Using adaptive filtering, normal background disturbances from environmental heating/cooling systems, road traffic, and background disturbances can be learned and filtered out. This will allow maximum sensitivity to intrusion attempt signatures while minimizing the probability of false alarm events. The design objective is to identify intrusion attempts while the attack is still at the outer layer of the cable structure. This will allow for rapid location and interception of any intruder.
  • [0033]
    The method allows the detection of fiber handling and/or intrusion by method of monitoring modal power distribution. This includes detection or measurement of the handling or disturbance of the optical fiber or cable, either as a prelude to, incident of, or as a result of an intrusion, as detected by any shift in MD of any portion of the light contained herein, originating from, or propagating through the optical fiber or cable being monitored.
  • [0034]
    The method includes providing an arrangement for directing the optical transmission of information into any of a plurality of optical fibers. This could be, but is not limited to an optical switch. Significant to this embodiment is the monitoring of all secondary fibers for intrusion, such as with this invention. The intention is to maintain the security and integrity of all possible fibers from intrusion in order to prevent a pre-emptive intrusion prior to the re-routing of data.
  • [0035]
    For illustration, if a perpetrator had unmonitored access to the secondary fiber, a fiber tap could be installed undetected. The primary fiber could then be perturbed, and when data is rerouted to the secondary, the data security is compromised. According to this invention, when an intrusion is attempted on any fiber, it will be detected; guaranteeing for the future the security of the system.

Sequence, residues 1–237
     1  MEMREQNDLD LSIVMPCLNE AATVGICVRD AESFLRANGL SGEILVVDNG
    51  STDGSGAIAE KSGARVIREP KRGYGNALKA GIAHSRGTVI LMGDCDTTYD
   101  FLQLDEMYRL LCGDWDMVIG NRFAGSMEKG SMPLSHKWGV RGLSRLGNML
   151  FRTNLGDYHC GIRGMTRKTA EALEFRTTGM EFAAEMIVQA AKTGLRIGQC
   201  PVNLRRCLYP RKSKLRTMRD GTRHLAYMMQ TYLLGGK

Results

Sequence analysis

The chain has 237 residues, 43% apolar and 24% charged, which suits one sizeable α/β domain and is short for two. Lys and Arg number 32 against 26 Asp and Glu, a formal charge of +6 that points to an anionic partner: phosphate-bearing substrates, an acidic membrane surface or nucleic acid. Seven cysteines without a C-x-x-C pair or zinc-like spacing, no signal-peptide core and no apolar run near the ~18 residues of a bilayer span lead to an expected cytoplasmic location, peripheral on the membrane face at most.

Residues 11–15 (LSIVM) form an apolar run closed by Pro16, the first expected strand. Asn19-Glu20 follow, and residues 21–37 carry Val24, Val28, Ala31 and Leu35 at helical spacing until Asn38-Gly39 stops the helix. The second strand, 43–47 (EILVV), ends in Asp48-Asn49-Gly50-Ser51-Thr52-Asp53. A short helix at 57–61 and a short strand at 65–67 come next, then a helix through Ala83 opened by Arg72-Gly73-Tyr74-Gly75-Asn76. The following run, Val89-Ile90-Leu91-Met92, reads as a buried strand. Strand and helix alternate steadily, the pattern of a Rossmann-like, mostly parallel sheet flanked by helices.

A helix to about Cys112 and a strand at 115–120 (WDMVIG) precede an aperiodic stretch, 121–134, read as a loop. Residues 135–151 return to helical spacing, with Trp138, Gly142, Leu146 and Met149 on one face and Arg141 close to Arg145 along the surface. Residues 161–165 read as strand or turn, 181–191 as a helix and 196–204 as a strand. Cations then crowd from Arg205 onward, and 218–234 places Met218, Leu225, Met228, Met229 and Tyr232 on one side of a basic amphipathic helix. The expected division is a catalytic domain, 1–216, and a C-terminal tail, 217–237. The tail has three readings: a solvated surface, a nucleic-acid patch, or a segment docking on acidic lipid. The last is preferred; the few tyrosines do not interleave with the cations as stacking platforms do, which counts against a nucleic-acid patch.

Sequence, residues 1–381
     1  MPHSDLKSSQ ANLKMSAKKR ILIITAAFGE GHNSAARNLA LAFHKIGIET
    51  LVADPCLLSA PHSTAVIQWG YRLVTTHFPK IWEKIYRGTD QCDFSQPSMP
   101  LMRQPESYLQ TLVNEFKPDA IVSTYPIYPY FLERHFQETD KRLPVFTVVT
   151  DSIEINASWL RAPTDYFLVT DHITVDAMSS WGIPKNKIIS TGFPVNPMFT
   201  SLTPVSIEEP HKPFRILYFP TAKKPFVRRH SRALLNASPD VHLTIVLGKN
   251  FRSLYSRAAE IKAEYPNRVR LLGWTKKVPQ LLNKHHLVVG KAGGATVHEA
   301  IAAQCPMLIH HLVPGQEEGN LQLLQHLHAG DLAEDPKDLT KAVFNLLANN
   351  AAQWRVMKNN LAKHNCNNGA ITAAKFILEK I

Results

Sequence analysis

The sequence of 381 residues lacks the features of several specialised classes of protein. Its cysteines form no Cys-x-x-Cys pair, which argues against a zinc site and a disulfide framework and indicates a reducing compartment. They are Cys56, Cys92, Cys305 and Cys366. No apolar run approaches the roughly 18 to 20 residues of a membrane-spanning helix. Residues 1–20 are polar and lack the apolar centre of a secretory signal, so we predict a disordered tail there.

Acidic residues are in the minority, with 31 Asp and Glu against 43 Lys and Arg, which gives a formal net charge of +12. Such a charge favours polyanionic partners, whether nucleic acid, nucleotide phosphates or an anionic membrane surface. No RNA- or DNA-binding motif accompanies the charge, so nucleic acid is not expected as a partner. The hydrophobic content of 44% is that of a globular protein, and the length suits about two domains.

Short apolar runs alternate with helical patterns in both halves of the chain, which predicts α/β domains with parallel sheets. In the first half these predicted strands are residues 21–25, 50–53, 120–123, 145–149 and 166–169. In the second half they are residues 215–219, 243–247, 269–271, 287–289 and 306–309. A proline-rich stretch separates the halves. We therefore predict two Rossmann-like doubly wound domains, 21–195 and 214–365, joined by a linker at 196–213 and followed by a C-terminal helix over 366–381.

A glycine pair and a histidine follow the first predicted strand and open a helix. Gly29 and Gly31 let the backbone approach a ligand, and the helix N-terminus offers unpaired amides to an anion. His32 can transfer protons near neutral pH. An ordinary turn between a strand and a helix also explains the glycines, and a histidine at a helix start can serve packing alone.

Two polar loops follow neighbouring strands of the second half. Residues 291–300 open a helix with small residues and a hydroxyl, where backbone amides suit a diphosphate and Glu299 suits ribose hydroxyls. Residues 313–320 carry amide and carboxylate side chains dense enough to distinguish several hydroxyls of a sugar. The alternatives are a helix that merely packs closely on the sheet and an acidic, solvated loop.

• [0036]
    The arrangement described herein overcomes the limitations with power loss detection methods and can detect intrusion activity before any optical power loss occurs. Using well known OTDR methods, location of the intrusion can be identified and reported.
  • [0037]
    Thus there is provided an intrusion detection system that can sense and alarm any attempt to access the optical fibers in a fiber optic communication cable. The method monitors the modal power distribution of light in a multimode optical fiber strand for signal degradation and transient power disturbance patterns that could indicate fiber damage or physical intrusion. The system uses the light output signal from a specialized light source that is coupled to the multimode fiber in an offset launch alignment. At the receiver, a small percentage of the optical signal is sampled using a specially constructed optical coupler, which captures a portion of the higher order mode power. An optical receiver detects the sampled signal and the modal power distribution is monitored for changes. Mechanical disturbances such as handling of the optical fiber cause shifts in the mode power distribution that is detected by the system and signals a possible intrusion attempt before an actual tap occurs. Thus a standard optical time domain reflectometer (OTDR) is constructed, with the distinctions that the optical detector is replaced by a MD sensitive detector, and the optical light launch is configured for detection of fiber handling.
  • BRIEF DESCRIPTION OF THE DRAWINGS
  • [0038]
    One embodiment of the invention will now be described in conjunction with the accompanying drawings in which:
  • [0039]
    FIG. 1 is a longitudinal cross section showing an offset launch arrangement including a single mode fiber connected to a multimode fiber to be monitored for use in a system according to the present invention.